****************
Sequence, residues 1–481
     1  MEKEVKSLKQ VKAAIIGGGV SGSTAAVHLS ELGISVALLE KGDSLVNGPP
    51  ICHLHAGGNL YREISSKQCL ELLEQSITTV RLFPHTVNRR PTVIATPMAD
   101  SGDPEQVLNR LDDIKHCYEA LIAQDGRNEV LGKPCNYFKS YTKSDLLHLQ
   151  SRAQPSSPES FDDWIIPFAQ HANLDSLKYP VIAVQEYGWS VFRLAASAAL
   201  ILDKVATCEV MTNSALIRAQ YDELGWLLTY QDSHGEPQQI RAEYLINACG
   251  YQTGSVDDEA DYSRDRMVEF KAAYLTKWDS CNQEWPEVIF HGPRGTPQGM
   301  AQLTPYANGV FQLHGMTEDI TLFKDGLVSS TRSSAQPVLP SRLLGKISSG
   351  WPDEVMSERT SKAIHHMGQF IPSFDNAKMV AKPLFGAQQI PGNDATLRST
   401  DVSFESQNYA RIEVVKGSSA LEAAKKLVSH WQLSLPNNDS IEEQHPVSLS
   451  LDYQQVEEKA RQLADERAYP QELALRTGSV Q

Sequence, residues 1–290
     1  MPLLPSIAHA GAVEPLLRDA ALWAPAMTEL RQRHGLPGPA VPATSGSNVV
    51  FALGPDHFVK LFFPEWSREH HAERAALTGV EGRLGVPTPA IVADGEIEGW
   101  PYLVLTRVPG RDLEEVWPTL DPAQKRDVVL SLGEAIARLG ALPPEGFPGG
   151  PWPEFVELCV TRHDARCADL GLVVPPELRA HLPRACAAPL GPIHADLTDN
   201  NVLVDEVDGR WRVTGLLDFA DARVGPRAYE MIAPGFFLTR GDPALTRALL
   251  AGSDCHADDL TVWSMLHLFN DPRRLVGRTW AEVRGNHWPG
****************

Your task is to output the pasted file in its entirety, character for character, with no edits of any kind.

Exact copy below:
Sequence, residues 1–481
     1  MEKEVKSLKQ VKAAIIGGGV SGSTAAVHLS ELGISVALLE KGDSLVNGPP
    51  ICHLHAGGNL YREISSKQCL ELLEQSITTV RLFPHTVNRR PTVIATPMAD
   101  SGDPEQVLNR LDDIKHCYEA LIAQDGRNEV LGKPCNYFKS YTKSDLLHLQ
   151  SRAQPSSPES FDDWIIPFAQ HANLDSLKYP VIAVQEYGWS VFRLAASAAL
   201  ILDKVATCEV MTNSALIRAQ YDELGWLLTY QDSHGEPQQI RAEYLINACG
   251  YQTGSVDDEA DYSRDRMVEF KAAYLTKWDS CNQEWPEVIF HGPRGTPQGM
   301  AQLTPYANGV FQLHGMTEDI TLFKDGLVSS TRSSAQPVLP SRLLGKISSG
   351  WPDEVMSERT SKAIHHMGQF IPSFDNAKMV AKPLFGAQQI PGNDATLRST
   401  DVSFESQNYA RIEVVKGSSA LEAAKKLVSH WQLSLPNNDS IEEQHPVSLS
   451  LDYQQVEEKA RQLADERAYP QELALRTGSV Q

Sequence, residues 1–290
     1  MPLLPSIAHA GAVEPLLRDA ALWAPAMTEL RQRHGLPGPA VPATSGSNVV
    51  FALGPDHFVK LFFPEWSREH HAERAALTGV EGRLGVPTPA IVADGEIEGW
   101  PYLVLTRVPG RDLEEVWPTL DPAQKRDVVL SLGEAIARLG ALPPEGFPGG
   151  PWPEFVELCV TRHDARCADL GLVVPPELRA HLPRACAAPL GPIHADLTDN
   201  NVLVDEVDGR WRVTGLLDFA DARVGPRAYE MIAPGFFLTR GDPALTRALL
   251  AGSDCHADDL TVWSMLHLFN DPRRLVGRTW AEVRGNHWPG